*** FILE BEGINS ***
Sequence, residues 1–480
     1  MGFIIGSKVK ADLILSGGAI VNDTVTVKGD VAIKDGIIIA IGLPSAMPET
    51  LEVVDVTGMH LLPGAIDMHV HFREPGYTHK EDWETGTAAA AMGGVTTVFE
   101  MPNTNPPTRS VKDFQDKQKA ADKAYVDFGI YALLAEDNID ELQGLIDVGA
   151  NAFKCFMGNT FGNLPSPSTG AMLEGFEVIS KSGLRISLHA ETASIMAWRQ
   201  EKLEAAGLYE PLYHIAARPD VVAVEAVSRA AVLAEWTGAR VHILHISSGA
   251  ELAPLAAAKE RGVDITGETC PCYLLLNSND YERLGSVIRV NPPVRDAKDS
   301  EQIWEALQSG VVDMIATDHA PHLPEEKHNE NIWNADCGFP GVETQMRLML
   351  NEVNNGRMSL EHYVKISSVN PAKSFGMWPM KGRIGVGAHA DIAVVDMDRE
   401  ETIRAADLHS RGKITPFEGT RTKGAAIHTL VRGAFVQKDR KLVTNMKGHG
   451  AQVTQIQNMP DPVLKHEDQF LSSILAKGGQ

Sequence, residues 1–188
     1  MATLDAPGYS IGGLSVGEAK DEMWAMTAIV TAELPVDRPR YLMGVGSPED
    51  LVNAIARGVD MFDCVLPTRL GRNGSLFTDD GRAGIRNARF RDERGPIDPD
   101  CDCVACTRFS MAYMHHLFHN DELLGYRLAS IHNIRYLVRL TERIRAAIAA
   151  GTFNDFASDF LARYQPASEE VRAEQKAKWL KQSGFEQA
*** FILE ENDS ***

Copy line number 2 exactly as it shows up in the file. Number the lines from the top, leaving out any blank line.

     1  MGFIIGSKVK ADLILSGGAI VNDTVTVKGD VAIKDGIIIA IGLPSAMPET